The move appears to be more a bid to shore up support in Senator Reid's Democratic ranks than an attempt to pass legislation. With Republicans opposed to tax increases, the Senate's revision of Mr. Obama's plan is unlikely to ever become law.
But it protects vulnerable incumbents from votes that could haunt them next November, when 23 Democratic senators face reelection. The White House proposed offsetting all the costs for the jobs package by raising taxes on families earning more than $250,000 a year, as well as ending tax breaks for oil and gas industry and other business tax breaks. For Democrats in high-income or energy states, that was a nonstarter.
Democratic Sens. Ben Nelson of Nebraska, Jon Tester of Montana, and Claire McCaskill of Missouri, all up in 2012, are on record opposing the jobs bill as currently drafted. Others, such as Sens. Mary Landrieu of Louisiana and Mark Begich of Alaska opposed ending tax breaks for oil and gas companies.
“It is hard to ask more of households that make $250,000 dollars or $300,000 a year,” said Sen. Charles Schumer (D) of New York at a briefing with reporters on Wednesday. “Many of [them] are not rich, and in large parts of the country, that kind of income does not get you a big home or lots of vacations or anything else that’s associated with wealth in America.”
Senate Republicans sought to exploit the rift. On Tuesday, Senate minority leader Mitch McConnell (R) of Kentucky called for a vote on the jobs bill, knowing that it would put many Democrats in a tough spot. Reid quickly dubbed the move “a political stunt.”
“I think my good friend’s problem – and I sympathize with him – is that there is bipartisan opposition to the president’s proposal,” Senator McConnell said on the floor.
Democratic senators have already risked a breach with the White House in order to protect their reelection prospects. The president’s fiscal year 2012 budget received zero votes in the Senate, providing grist for GOP talking points.
But Reid said he had the White House's blessing to "go ahead" with his new plan to pay for the jobs bill, and Senate Democrats are hoping to avoid another break with the president.
In truth, Obama's plan includes elements popular with Democrats, such as payroll tax breaks for workers, tax credits for hiring veterans or the long-term unemployed, investments to repair roads and bridges, and aid to the states to avoid firing teachers, police, and firefighters.
But with Congress in the throes of finding $1.5 trillion in spending cuts over the next 10 years, billions in new stimulus spending without offsets was a nonstarter. For Republicans, the 5 percent surtax on millionaires is still a nonstarter.
Even if Democrats close ranks in support of the jobs bill, they will need seven GOP votes to prevent a filibuster, and the Senate rejected a tax hike on millionaires in 2009. Republicans say that such a tax hits small businesses as well as wealthy individuals, and would be bad for the economy and job creation.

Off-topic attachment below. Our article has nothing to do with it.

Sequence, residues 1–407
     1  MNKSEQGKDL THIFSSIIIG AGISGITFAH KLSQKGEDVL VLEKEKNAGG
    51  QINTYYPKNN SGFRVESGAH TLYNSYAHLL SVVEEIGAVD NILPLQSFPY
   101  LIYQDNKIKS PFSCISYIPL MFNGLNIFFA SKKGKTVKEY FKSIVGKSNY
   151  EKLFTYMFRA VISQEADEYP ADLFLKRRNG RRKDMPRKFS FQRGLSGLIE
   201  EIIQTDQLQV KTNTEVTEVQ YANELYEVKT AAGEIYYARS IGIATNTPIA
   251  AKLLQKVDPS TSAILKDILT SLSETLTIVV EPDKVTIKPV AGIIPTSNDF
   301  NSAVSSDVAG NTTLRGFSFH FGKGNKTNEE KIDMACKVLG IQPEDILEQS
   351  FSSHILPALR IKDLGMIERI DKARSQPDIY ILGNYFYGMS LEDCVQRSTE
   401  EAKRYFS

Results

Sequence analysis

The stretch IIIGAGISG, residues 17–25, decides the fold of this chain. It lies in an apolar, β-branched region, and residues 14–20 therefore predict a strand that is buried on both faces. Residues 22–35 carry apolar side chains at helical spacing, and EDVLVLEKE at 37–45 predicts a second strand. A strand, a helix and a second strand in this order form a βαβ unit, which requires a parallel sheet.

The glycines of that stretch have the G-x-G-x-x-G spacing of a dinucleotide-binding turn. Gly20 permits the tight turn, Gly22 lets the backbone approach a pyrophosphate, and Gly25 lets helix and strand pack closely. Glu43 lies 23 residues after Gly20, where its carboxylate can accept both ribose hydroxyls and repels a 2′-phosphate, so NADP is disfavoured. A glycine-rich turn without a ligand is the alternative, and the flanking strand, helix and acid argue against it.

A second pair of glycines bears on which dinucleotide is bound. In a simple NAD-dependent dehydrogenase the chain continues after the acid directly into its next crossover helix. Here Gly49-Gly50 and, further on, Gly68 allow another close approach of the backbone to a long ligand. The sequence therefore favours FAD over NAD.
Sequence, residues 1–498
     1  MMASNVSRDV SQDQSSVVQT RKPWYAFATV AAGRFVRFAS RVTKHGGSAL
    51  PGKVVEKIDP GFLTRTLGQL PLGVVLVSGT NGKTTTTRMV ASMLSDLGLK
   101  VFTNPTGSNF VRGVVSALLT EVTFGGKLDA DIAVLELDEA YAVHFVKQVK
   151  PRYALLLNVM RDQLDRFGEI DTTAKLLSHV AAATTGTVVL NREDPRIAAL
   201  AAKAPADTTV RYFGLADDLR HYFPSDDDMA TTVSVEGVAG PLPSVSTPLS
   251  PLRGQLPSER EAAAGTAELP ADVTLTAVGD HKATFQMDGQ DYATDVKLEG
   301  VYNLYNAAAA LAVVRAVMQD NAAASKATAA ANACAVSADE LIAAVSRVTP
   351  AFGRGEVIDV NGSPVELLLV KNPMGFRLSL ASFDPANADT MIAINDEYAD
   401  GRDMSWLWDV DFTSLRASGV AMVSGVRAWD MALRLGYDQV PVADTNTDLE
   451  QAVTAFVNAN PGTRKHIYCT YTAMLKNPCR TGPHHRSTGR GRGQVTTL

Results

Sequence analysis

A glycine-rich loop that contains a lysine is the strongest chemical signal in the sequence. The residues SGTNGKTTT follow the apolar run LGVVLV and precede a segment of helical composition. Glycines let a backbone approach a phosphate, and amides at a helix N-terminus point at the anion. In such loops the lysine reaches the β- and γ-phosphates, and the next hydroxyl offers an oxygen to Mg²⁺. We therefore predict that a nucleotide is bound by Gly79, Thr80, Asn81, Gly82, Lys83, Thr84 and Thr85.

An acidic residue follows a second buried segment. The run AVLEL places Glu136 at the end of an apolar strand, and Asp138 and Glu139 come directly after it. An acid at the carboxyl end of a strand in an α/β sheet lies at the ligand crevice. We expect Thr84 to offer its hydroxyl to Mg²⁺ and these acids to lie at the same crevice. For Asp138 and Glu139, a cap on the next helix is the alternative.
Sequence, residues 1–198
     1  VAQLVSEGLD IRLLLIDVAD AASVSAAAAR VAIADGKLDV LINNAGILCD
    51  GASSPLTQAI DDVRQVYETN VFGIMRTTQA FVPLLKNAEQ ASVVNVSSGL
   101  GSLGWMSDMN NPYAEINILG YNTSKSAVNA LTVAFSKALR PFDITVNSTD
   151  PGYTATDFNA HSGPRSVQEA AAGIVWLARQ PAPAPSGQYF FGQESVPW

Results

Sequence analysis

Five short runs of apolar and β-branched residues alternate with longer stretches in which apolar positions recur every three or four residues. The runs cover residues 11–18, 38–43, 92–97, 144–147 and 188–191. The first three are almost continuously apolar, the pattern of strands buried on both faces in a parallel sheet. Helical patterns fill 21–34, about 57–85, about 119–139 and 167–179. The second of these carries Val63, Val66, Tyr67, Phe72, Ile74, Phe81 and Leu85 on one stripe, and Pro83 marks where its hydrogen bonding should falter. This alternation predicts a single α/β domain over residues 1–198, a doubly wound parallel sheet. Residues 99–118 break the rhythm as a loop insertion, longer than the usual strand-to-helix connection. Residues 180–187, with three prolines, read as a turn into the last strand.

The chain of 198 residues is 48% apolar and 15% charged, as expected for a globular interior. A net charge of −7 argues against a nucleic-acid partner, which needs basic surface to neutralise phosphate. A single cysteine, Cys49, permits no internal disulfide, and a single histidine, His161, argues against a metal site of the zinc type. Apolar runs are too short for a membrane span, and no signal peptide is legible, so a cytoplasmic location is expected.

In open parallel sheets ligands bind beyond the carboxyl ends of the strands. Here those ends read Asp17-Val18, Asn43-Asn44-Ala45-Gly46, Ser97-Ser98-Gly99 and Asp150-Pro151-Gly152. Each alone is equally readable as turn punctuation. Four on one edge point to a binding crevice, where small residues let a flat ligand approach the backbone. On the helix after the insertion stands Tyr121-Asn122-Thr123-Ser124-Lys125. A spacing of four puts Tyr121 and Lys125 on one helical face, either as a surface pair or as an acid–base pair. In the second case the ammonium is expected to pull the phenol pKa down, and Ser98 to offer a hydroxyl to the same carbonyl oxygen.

“Some of my Democrat colleagues were right to reject a similar proposal when they controlled both chambers of Congress,” said Sen. Orrin Hatch (R) of Utah, in a statement after the Reid announcement. “Given the weak state of our economy, they’d be wise to reject it again.”
On the House side, most Republicans, especially those with tea party backing, campaigned against President Obama’s 2009 stimulus plan, which they dubbed a waste of $787 billion taxpayer dollars. Asked at a press briefing on Oct. 3 whether the president’s jobs plan was dead on arrival, House majority leader Eric Cantor (R) of Virginia said, “Yes.”
Stumping in Mesquite, Texas, President Obama highlighted that response on swing to promote his jobs bill. “Yesterday, the Republican majority leader in Congress, Eric Cantor, said that right now, he won’t even let the jobs bill have a vote in the House of Representatives…. Do they not have the time? They just had a week off. Is it inconvenient?”
Still, elements of the jobs bill could surface in the deal being worked out behind closed doors by the new Joint Select Committee on Deficit Reduction, which has until Thanksgiving to produce a plan that cuts $1.5 trillion from federal deficits over the next 10 years.
“The jobs created by this bill form the backbone of our communities: teachers, first responders, and construction workers,” says Rep. Emanuel Cleaver, who chairs the Congressional Black Caucus. In a statement on Wednesday, he called on Republicans to bring the bill to the House floor. Black unemployment, at 16.7 percent, is significantly higher than national rate of 9.1 percent.
“This is a chance for us to show the American people that we have their best economic interests at heart,” he added.